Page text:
This is the tricky part, that took me a while to work out. There is a very loose coupling between ghc and cabal, but they do need to agree on some things: cabal needs to install libraries to where ghc is going to look for them! The distro supplied cabal-1.14 won't work properly with our newly installed ghc as it uses the wrong value for libsubdir. The symptom of this is that any library including C code will install happily, but anything depending on such a library will then produce errors like these:

/usr/bin/ld: cannot find -lHStf-random-0.5-ghc7.8.4
/usr/bin/ld: cannot find -lHSprimitive-0.6-ghc7.8.4
/usr/bin/ld: cannot find -lHSrandom-1.1-ghc7.8.4


The cleanest way to fix this is to perform a two-stage boot of cabal: use cabal-1.14 to install a “stage1” cabal-1.18, then clean everything out and use that stage1 cabal to install a fully functional “stage2” cabal-1.18. The particular version of cabal we are using will be the one from the current LTS stackage:

# cd
# cabal update
# cabal install cabal-install==1.18.0.8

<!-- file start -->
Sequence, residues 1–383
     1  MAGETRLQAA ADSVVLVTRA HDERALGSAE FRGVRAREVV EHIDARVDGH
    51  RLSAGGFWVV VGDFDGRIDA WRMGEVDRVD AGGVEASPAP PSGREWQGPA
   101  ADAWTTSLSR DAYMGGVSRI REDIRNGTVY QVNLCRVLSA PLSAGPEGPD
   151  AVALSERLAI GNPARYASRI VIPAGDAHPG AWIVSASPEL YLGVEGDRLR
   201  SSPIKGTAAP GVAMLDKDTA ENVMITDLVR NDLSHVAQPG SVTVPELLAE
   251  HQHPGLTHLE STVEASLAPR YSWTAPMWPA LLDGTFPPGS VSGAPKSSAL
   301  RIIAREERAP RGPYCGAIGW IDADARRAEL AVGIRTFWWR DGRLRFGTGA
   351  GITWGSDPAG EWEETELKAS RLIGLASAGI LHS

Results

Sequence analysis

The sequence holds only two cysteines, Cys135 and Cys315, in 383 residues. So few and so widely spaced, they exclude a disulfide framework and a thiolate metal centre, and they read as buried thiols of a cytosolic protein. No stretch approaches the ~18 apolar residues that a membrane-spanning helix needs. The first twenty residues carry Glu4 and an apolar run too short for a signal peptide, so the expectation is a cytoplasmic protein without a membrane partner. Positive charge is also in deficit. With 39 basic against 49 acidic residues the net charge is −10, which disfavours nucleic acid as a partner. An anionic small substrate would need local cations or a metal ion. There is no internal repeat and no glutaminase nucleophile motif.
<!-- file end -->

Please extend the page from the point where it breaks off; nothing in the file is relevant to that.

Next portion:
# cp .cabal/bin/cabal .
# rm -r .ghc .cabal
# ./cabal update


The last line creates a new cabal configuration file that just needs a couple of tweaks. First, we want to reset the user-install flag. You could do that in your favourite text editor, or with this handy sed script:

# sed -i '/user-install/auser-install: False' .cabal/config


And we want to append the LTS stackage global file to the end of the file:

# u='https://www.stackage.org/lts/cabal.config?global=true'
# wget -q -O- \$u >> .cabal/config


Now we're ready to perform the second stage install:

# ./cabal install cabal-install
# rm ./cabal
# hash -r # sacrifice goat to the great god Bash


## Install other tools

Finally, to finish off, install the other basic tools:

# cabal install alex
# cabal install happy